Sudha Murty enthrals at Penguin Annual Lecture 2019
Award-winning author and noted philanthropist Sudha Murty enthralled a jam-packed audience with her insights on writing for children, engaging in a conversation with fellow writer Shashi Tharoor and answering searching questions, many of them from tweens, at the Penguin Annual Lecture here on Wednesday evening.
"I write when I feel like doing it. It's not that i write three or four hours every day. When I need to finish it, I don't stop. Also, I don't travel when I am writing. Normally I travel 15-20 days a month (on the wok of the Infosys Foundation)," Murty said during the lecture.
So, are her 34 books in Kannada and English written in one go?
"Normally (that's the case but in the case of books) like women in mythology, to think about that it took some six to eight months but it took 15 days to complete. I do not feel like talking to people at that time. I want to be with myself," Murty said.
That book came about after a request from her daughter, who has two young daughters, to write a book to connect Indian children to Indian mythology. This meant that Murty, who had once read to her grandmother to connect her with the present, was now writing for her grandchildren.
"I may get an idea but i will not write until I get the entire story is ready in my mind. If it is a novel, it has to be in my mind...the complete story in my mind; till all the characters are in my mind, then only will I start writing that's why it takes me three years to write novel. I get an idea but i keep the idea in my mind for some time....then i start writing one after the other.
"In my case, when I start writing, I get a frame in front of me... it's like a clean frame with all the description of what I (want to) write. I just get the frame and i write. So, for me, writing my frame is my style of writing...so i can close my eyes and can describe any scene...that frame remains in my mind.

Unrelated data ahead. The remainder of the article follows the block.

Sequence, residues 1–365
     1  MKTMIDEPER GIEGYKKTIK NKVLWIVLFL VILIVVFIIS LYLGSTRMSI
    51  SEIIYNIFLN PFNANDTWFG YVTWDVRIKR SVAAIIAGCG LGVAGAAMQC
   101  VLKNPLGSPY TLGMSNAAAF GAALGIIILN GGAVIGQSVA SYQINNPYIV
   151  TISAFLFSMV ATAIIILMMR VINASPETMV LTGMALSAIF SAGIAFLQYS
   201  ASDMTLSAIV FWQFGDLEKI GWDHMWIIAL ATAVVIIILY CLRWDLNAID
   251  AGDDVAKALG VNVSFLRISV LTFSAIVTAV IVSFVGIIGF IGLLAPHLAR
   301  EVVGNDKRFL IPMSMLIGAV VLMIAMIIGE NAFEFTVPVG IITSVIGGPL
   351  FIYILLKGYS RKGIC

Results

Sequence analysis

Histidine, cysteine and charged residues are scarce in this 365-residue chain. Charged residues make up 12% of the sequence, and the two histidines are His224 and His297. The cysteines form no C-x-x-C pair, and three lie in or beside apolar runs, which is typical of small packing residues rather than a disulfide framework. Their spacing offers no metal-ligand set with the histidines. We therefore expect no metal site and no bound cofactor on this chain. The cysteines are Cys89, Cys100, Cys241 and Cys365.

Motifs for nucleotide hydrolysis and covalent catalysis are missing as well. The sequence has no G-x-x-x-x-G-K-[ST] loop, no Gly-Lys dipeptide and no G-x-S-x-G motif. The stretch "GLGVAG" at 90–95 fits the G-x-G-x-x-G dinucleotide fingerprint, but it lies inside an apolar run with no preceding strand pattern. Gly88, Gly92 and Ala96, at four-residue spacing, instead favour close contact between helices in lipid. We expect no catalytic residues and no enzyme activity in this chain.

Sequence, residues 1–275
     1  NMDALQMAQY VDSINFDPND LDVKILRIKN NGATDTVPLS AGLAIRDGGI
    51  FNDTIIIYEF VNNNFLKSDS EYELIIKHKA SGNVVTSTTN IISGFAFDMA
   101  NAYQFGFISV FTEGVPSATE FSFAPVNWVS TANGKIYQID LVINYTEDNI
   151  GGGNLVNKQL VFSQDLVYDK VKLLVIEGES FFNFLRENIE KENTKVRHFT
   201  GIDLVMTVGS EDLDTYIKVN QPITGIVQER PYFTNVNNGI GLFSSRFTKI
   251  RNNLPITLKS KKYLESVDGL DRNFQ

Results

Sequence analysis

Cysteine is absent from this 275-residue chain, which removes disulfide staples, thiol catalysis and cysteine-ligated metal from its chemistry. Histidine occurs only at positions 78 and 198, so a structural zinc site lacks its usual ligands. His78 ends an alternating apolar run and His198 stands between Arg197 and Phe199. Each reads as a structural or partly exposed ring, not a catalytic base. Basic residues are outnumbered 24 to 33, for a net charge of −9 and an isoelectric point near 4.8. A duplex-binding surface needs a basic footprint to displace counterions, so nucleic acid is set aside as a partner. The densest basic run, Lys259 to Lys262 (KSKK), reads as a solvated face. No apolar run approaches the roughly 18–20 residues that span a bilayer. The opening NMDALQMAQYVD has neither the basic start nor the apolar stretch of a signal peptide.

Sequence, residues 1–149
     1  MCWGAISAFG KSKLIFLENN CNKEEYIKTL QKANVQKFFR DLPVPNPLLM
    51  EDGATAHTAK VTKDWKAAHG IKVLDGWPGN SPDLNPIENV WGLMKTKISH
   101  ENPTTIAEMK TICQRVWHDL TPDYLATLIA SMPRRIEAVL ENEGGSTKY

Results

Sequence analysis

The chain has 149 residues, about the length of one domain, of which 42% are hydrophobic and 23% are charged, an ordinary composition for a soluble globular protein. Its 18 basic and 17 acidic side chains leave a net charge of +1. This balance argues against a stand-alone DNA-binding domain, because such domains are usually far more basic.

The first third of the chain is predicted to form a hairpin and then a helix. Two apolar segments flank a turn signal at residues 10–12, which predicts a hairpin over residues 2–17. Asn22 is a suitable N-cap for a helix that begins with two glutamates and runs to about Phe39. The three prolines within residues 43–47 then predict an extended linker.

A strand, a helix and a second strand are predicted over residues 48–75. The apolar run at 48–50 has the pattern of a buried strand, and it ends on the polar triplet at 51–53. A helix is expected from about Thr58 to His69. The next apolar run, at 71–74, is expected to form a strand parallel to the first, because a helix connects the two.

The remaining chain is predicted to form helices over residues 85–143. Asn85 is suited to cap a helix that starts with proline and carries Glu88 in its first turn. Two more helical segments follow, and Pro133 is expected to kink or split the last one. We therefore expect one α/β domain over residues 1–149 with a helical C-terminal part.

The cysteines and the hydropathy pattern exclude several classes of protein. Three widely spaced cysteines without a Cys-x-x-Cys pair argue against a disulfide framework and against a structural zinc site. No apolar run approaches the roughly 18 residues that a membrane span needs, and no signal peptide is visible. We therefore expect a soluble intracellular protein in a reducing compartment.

"I once wanted to try...without planning...let me write...I started and it did not work out. First three days, I wrote and it did not work out. So these days, I, would say my CPU" is in the mind, Murty explained .
Speaking about the work of the Foundation, which has a budget of Rs 400 crore and an effective staff-strength of just eight, Murty noted that "money alone does not bring satisfaction. In real life, we do not need that kind of money to bring satisfaction. Satisfaction comes from the heart. If satisfaction comes from money, all rich people should be satisfied. It's not true. If money doesn't have any relationship with happiness, then all poor people should be very happy. That's also not true. What is required is a balance...how much money you require and this was taught to me by a blind man," Murthy said.
That happened during a journey in Tamil Nadu when her car caught stuck in heavy rain because of a puncture. Her driver suggested she take shelter in a nearby temple while he got the tyre changed.
There was an old couple in the temple, and the priest, who was blind, performed the aarti. She offered a Rs 100 note which the priest refused, saying the offering was much too high. She then asked him for his bank account number so she could send him Rs 20,000. The priest flatly refused, saying that he did not have a bank account, the residents of the village would stop supporting him, besides which, the money could well be siphoned off as he was illiterate.